Note the artful details around the neck line.  Nick use to chew his shirt and it was always wet and mangled……

I wish I could crack open his skull and see what’s inside.  What I figure is that he knows that he is a funny guy. I wonder what it would be like if he just had Down syndrome and what he would bring to the table. I did stumble on a cool quote by actor, Chris Burke who starred in the hit television series, Life Goes On.  This made me smile…. 🙂

“Having Down syndrome is like being born normal. I am just like you and you are just like me. We are all born in different ways that is the way I can describe it. I have a normal life.” ~Chris Burke

It’s hard not to get swallowed up in Nick’s crazy world. Ordinary is welcomed.  “Don’t take normal for granted.” That’s what the mother of a 7 year old cancer patient said on the radio during a children’s cancer fundraiser event last week.  I get that, totally.  But then again, if I had normal I wouldn’t be writing these stories would I?  I wouldn’t have fun pictures like these to share. This is what he was up to this weekend……

I told Nick to get some clothes out and get dressed…..Looks like he is ready for the whole week…. 

For the record that was 11 shirts, 7 pair of pants and 3 pair of undies…..

Nick at the park walking swift and robotically with his arms up like a Bears linebacker….

Move over Brian Urlacher, Nick is poised and at ramming speed.

Nick pretending he is drinking two cans of mushrooms, he just fills up the canvas with silliness…..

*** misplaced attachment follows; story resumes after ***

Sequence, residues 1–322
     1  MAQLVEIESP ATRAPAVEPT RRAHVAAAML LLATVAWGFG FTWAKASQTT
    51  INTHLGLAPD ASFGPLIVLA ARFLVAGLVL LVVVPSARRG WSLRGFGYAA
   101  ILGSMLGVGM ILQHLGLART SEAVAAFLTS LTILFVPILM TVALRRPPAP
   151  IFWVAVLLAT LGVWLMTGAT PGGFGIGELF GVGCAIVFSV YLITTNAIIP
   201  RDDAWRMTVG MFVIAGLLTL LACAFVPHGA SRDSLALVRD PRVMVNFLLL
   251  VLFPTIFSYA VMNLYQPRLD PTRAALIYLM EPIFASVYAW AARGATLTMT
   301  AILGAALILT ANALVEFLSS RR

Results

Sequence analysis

When you rock the extra chromosme you can easily sit like this……He’s still very bendy…..

So perhaps normal is just a setting on the washing machine and nothing more.  I have to remind myself to embrace chaos and be content with all the colorful moments that Nick has brought into my world.  That’s what is in my noggin this week.  Have a great one and until next Monday, may your canvas be filled with hues of many brilliant colors. 🙂


*Buck naked.  I always wondered if it was that or butt naked. I guess I’m not the only one. Here’s what Wiki.answers says:

“It is both. The word “buck” or “buff” is thought to be from the color of a buckskin, which is the pale tan color of European skin – this gives you “buck naked” and “in the buff.” “Butt naked” refers to the fact that your buttocks are not covered.”

I have always heard it “buck naked”. I don’t think it refers to any color at all; the phrase was originally meant to compare one to an “Indian buck” as the men were called many years ago in a less politically correct age. They were commonly thought to be “naked savages”, whether they were in fact or not. Thus, “buck naked” implied being without clothing.